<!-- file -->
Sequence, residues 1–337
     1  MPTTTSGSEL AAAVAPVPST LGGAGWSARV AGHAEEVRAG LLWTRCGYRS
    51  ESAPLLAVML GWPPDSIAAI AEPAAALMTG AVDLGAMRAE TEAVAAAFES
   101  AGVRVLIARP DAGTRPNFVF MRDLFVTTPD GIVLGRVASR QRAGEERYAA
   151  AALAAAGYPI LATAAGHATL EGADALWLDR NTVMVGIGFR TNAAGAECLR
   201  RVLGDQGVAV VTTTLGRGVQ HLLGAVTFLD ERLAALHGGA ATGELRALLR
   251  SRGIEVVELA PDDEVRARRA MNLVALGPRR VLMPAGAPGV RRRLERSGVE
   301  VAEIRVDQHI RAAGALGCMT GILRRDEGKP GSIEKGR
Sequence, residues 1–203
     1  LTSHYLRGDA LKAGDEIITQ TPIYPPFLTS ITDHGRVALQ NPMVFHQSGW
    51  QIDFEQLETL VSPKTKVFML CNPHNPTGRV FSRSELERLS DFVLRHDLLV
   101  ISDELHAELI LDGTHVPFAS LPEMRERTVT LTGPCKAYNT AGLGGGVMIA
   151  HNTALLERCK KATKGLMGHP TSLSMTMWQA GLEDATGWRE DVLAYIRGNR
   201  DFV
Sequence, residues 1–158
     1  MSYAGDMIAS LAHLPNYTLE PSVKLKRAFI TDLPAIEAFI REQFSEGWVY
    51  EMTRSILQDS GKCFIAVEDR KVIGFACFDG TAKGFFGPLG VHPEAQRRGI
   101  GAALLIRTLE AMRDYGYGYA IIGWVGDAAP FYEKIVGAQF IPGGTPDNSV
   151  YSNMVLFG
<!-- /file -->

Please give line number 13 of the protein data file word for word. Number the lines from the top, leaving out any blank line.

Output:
   151  HNTALLERCK KATKGLMGHP TSLSMTMWQA GLEDATGWRE DVLAYIRGNR